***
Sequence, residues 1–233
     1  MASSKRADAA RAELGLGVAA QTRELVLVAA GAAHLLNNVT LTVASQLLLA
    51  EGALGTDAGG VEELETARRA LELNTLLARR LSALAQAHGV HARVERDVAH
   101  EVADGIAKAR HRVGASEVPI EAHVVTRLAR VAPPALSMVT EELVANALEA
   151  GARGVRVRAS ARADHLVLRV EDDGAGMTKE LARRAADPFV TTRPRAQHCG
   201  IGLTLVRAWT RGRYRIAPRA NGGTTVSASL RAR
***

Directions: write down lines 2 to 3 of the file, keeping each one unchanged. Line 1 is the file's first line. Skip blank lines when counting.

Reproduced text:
     1  MASSKRADAA RAELGLGVAA QTRELVLVAA GAAHLLNNVT LTVASQLLLA
    51  EGALGTDAGG VEELETARRA LELNTLLARR LSALAQAHGV HARVERDVAH